Postby Shelly King » Mon Nov 08, 1999 7:05 pm


I didn't realize you were in Missouri. If you're ever around St. Louis on a Monday or Wednesday, let me know and bring your gi.

Shelly King


Postby Roy Bedard » Tue Nov 09, 1999 5:45 am


I always like a good challenge. I'll do my best to clarify my position that "we train for training's sake".

Any undertaking which requires an intense long term commitment has to be nurtured and sustained at some point by the commitment itself.
Let's take losing weight for instance. Experts will tell you that the number one reason that well intentioned people fail to lose weight is their lack of adherence to a proper weight loss program. In other words - most people quit before achieving any results.

In order to understand the difficulty associated with any weight loss program we have to look at the methodology required to effectively lose weight.

Here's the break down. The experts tell us that there are two essential components to a weight loss program. Proper diet and a proper exercise program. If a person attempts to lose weight , and losing weight is dependent on proper diet and proper exercise, then a proper diet and a proper exercise plan must be compelling enough for a person to stick to them. If either the diet, or the exercise program fails, weight loss, the dependent variable, will fail as well.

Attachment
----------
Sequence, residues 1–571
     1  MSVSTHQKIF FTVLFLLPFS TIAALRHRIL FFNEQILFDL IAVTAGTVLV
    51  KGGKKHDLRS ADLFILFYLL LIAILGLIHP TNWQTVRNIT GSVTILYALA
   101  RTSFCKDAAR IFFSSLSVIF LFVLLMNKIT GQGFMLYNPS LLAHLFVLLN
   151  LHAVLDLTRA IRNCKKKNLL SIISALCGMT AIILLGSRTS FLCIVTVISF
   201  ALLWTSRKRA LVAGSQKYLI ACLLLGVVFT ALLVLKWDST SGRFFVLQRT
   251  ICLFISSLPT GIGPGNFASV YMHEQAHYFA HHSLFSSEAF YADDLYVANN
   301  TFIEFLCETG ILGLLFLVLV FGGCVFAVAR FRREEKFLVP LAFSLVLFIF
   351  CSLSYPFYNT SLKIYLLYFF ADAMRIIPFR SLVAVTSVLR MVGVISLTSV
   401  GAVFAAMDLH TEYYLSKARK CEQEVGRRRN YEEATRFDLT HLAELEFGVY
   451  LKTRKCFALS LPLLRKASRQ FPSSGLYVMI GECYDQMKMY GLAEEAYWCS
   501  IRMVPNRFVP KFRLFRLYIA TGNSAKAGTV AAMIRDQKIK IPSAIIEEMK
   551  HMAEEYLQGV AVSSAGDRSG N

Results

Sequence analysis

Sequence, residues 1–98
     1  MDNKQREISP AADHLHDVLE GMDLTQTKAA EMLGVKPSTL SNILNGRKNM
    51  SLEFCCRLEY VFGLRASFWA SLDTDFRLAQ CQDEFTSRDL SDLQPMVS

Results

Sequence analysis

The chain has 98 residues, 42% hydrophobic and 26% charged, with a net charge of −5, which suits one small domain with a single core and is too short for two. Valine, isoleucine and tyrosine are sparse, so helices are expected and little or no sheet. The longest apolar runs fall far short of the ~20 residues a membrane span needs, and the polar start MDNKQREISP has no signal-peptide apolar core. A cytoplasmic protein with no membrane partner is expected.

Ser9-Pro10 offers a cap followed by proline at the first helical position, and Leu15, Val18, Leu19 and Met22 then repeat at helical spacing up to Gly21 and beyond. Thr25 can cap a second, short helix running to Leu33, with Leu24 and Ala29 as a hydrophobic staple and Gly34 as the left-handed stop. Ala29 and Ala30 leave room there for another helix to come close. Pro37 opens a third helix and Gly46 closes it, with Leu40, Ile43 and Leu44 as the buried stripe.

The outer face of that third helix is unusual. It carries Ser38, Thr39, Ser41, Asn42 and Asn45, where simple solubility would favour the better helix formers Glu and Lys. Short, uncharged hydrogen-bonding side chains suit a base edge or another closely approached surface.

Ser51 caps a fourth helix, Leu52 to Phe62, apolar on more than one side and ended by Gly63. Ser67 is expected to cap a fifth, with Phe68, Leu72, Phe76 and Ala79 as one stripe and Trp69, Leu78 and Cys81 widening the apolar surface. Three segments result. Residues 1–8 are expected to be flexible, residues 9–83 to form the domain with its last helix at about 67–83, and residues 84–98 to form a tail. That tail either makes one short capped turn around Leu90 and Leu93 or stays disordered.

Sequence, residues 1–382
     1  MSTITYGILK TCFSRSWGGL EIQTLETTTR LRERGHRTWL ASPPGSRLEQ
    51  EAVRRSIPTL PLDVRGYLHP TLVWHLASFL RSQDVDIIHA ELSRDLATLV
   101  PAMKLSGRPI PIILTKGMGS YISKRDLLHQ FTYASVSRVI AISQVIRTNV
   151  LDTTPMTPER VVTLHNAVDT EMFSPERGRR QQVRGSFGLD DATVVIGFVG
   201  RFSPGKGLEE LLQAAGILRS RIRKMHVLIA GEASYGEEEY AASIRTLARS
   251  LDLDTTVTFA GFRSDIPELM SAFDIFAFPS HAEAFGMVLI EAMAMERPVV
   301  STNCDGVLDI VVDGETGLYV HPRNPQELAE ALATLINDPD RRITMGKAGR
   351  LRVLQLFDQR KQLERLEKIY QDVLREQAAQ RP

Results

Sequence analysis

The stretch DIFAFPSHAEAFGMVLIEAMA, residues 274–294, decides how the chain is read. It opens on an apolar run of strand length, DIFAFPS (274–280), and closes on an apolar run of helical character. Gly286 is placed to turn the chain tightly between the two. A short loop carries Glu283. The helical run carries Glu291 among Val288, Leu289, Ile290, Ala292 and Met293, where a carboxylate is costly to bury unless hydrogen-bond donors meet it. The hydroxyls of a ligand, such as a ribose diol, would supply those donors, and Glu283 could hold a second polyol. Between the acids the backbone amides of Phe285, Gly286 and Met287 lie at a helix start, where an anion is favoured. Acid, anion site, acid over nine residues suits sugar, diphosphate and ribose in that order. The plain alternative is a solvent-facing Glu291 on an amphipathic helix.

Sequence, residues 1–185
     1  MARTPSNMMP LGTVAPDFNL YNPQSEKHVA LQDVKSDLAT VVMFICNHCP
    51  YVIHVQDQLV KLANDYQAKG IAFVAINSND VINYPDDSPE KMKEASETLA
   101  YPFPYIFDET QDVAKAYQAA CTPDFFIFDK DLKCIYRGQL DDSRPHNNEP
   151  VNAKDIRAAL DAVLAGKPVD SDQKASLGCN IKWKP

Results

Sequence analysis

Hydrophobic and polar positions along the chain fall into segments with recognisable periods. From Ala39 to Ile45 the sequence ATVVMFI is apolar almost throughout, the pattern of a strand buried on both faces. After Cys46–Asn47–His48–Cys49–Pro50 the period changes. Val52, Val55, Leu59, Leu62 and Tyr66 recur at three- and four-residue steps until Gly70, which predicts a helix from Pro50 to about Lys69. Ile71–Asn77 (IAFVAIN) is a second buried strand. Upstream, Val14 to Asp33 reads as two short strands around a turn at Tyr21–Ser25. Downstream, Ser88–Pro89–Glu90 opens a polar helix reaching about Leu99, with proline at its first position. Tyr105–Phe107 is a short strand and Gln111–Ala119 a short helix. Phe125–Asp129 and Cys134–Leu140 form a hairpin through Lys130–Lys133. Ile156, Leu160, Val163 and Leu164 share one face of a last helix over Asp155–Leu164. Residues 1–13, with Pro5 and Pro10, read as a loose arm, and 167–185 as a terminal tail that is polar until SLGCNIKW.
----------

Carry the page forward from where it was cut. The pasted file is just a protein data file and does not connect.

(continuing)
If the diet is bland,boring, tasteless, or unexciting, within time, a person will abandon it-feeling that it is not worth the cost of "losing weight". A dieter will rationilize their dieting decision, cheat on their diet and then abandon it all together.

Furthermore, if an exercise program is too intense or too demanding - it too will be abandoned,by the exerciser who will decide that the pain of "losing weight" is not worth the value of "losing weight".

For many people, losing weight becomes a life long process beyond their ability to ever achieve. Their life is a continuous cycle of dieting, exercising, quitting, frustration, dieting, exercising, quitting, frustration.

In retrospect, the solution of course is to change the focus from "losing weight" to the components of "losing weight". That of course means that focus shifts to the diet itself and the exercise program itself. These are the independent variables of the equation for successful weight loss. You see if weight loss becomes greater than the sum of it's two parts, then it is bound for failure. The idealistic objective cannot be sustained.